But there he lay, as boring asleep as he was awake. That’s it, Olive thought. From the beginning there’s a little thing—well, he’s not the most exciting guy in the world—and you dismiss it as cynicism or you say it’s just your fear of commitment. And then twenty years later the little thing comes back and tears the whole thing apart.
She went to the bathroom, closed the door quietly, flicked on the light, and shut her eyes to the brightness. She blinked at herself in the mirror. It was this that killed her. Her skin was looking more and more like dried dough melting off her cheekbones. She would catch a glance of herself in the morning like this and she’d always be surprised by her own visage. Olive’s own image of herself was no longer remotely accurate, so she had to sort of die every morning and re-accustom herself to the person she actually was. Well she thought this way—dough metaphor and all—but she was "catastrophizing," as Michael put it. As she was examining her crows’ feet, she thought she heard Michael open the door behind her and she jumped and smashed her big toe into the wall. She bit down on her lip to stifle a howl.
Olive occasionally spent time at the mirror trying to get herself to be sad, which she found so fucked up that she was sure she would take the practice to the grave without telling a soul. Sometimes she would really end up sad, just bawling about nothing in front of the mirror. But most days she would feel nothing. She would stare at herself and feel nothing and this, she knew, was the real enemy. Some pathetic melancholy she could at least turn into a few thousand dollars by way of a half-baked painting. But the nothing was worse by far. This, notably, was another thought on the long list of thoughts Olive was sure she would take to the grave.
This morning was a worse-by-far-morning. This was the sort of morning that involved trying to mentally replay an episode of Friends in order to avoid thinking about the various unthinkable parts of her own life. For instance, the fact that the car was being fixed so she would have to take the bus to get to a meeting with a gallery owner—this was a thought she was trying to avoid while in the shower. But she failed and the water got cold.
Olive changed her clothes facing away from her mirror. She made coffee and, mug in hand, watered her flowers and her neighbor’s weeds (a kind of tacit game they were playing). She went back to the bathroom and made a face at herself in the mirror. She cooked her scrambled eggs perfectly, which brightened her mood. But then her husband came downstairs so she had to deal with that shit. Michael didn’t even ask why she hadn’t made coffee for him. He just made some for himself, and some more for her. Of course he knew she would have to drink it now, the fucker. Then he read her a Post headline she obviously wouldn’t care about. So she read him a line from a gallery review that was only funny to gallery insiders. He asked her if she had fed the cat, surely knowing she hadn’t. So she fed the cat but gave him less food than normal, somehow feeling like that constituted revenge against Michael. She left the house early, thinking about the one or possibly two-sided silent war she had been waging all morning.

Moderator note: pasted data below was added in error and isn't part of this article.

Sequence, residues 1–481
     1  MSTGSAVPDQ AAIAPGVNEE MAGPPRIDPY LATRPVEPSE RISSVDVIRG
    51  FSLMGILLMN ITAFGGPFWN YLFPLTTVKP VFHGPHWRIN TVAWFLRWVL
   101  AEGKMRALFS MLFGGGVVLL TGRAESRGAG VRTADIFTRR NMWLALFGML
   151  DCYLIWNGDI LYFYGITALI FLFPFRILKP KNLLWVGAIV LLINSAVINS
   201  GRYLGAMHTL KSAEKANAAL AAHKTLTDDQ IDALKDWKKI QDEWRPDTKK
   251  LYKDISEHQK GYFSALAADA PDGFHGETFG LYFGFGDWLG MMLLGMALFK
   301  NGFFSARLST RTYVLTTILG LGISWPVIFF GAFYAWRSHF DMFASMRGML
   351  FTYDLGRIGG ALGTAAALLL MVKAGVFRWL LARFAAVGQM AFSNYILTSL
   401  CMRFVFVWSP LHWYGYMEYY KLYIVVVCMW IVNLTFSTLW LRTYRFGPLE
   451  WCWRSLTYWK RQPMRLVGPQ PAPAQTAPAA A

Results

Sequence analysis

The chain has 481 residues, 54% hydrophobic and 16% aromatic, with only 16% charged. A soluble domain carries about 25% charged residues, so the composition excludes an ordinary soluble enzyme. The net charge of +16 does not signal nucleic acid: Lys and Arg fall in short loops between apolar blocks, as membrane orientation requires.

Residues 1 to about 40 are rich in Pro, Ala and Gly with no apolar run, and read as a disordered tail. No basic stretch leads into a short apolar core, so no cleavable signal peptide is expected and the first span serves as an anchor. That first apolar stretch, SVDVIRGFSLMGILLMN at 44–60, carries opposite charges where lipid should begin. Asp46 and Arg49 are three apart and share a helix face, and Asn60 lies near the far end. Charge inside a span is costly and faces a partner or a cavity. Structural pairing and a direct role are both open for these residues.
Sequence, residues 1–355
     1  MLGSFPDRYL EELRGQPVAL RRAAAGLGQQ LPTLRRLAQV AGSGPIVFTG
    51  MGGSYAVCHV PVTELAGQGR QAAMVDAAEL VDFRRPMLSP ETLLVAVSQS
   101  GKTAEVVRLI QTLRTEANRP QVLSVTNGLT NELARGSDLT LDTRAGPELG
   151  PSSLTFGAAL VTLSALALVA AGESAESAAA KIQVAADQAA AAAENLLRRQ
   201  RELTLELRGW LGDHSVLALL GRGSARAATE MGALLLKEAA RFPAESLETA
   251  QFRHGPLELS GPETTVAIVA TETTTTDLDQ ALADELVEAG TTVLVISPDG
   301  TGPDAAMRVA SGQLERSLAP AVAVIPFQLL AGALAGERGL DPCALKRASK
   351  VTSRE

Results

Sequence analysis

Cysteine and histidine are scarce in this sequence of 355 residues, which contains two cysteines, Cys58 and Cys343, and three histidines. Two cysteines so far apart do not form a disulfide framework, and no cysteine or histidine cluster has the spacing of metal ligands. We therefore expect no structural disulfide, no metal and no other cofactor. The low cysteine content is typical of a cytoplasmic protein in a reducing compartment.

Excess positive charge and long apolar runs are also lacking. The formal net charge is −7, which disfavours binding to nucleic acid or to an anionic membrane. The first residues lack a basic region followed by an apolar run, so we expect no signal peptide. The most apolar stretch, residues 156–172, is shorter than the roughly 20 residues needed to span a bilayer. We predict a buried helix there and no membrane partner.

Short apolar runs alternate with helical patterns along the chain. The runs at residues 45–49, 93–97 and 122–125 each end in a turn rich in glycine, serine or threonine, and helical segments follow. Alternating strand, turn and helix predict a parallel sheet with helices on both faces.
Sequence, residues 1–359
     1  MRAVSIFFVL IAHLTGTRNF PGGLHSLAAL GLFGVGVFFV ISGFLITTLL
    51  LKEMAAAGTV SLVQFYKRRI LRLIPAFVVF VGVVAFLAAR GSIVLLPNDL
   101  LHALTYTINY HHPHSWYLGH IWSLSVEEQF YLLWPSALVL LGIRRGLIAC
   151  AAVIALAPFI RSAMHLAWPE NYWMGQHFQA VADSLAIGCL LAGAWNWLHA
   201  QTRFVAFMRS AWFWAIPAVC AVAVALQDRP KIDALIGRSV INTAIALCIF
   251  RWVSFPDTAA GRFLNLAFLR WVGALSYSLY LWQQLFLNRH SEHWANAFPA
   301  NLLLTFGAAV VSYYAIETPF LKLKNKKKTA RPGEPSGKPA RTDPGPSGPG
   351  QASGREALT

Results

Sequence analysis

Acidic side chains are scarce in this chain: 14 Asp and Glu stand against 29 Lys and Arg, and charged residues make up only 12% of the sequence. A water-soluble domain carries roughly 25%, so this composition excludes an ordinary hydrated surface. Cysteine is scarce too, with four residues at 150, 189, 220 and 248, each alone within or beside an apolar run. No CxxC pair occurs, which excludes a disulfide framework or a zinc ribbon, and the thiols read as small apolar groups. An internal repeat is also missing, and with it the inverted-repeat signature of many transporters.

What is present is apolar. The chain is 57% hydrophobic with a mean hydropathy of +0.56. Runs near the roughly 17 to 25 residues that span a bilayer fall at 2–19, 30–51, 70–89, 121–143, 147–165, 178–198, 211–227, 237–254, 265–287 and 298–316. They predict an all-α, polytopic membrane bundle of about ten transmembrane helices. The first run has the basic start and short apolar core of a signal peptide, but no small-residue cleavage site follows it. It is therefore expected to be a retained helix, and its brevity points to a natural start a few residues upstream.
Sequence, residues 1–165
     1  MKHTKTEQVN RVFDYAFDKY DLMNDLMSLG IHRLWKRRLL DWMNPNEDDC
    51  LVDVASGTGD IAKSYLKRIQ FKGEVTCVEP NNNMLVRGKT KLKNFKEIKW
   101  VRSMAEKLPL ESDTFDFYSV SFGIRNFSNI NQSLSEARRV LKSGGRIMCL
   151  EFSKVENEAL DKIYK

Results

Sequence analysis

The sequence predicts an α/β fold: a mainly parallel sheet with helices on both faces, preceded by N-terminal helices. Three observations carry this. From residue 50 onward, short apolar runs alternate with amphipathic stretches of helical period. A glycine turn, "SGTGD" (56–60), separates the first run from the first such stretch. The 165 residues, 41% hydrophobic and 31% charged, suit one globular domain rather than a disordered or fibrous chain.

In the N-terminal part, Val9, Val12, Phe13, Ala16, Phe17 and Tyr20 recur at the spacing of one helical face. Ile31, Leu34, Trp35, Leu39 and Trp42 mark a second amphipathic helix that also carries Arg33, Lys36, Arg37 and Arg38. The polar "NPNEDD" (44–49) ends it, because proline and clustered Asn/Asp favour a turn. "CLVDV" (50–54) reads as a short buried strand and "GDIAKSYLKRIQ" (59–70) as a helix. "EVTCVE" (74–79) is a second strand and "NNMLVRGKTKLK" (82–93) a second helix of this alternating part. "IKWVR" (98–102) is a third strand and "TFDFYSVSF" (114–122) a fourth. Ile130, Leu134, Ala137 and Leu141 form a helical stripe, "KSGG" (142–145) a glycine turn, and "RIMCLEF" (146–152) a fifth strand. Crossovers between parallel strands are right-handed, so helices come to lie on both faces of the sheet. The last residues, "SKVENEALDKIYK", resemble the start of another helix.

As Olive was walking out she decided she would talk about Michael's psychological warfare with her analyst, who would be impressed by her honesty.
Carla felt someone tugging at the frills of her wedding gown. Someone was pulling with increasing ferocity, and actually it was starting to feel like more than one person when she woke up and felt the familiar tug of little hands on her nightgown (actually an extra-large men’s Yankees shirt). Francisco and Maria were both at the foot of her bed. They had looped their fingers through the holes in their mother’s long shirt and had been whispering to each other for who knows how long. They didn’t realize she had woken up, so she stared and stared at them. The sun was at just the angle where it came through a thin t-shaped gap between the apartment buildings next-door. The little diagonal cross of morning light fell over the sheets at the foot of her bed and onto the chests of her two chattering children. This, she felt, was a blessing from the Lord. It would be a good day.
Carla got up and kissed her kids good morning. She ambled behind Maria and in front of Francisco to the kitchen, where she discovered a white platter covered in cake crumbs. “Oye,” she said and met the kids’ eyes, “There was a lot of cake on that plate when I went to sleep last night.” Francisco’s eyes immediately gave him away as the sweet-toothed thief, but Carla wanted to test him so she asked the kids who ate the cake. Maria pursed her lips and crossed her arms, staring expectantly at Francisco. Carla watched Francisco’s eyes flit from the lack of cake to his grinning sister to his mother, when he finally realized he was trapped. “Mama, I just love your cooking so much. I couldn’t help it.” Crafty, this one. Carla took him up in her arms and brought his face inches from her own. He put on the please-don’t-punish-me-I-didn’t-even-know-it-was-wrong face, which almost worked.
But she knew she had to impose order, so she bent him over the table and slapped the boy’s bony butt while he squirmed. She hated doing this, but what else can you do? When Francisco yelped, she stopped and told him to scram.
Twenty minutes later Carla was at the door shouting, and little feet were racing dutifully. The three of them walked ten minutes to the bus stop. Carla kissed them on the top of their heads and demanded kisses back. They were just about at the age when they would stop kissing her in public. They were already a little wary, in fact, which terrified her. She waved to the bus driver and watched the bus vanish down the road. Carla crossed herself and set off to her own bus stop to go to work.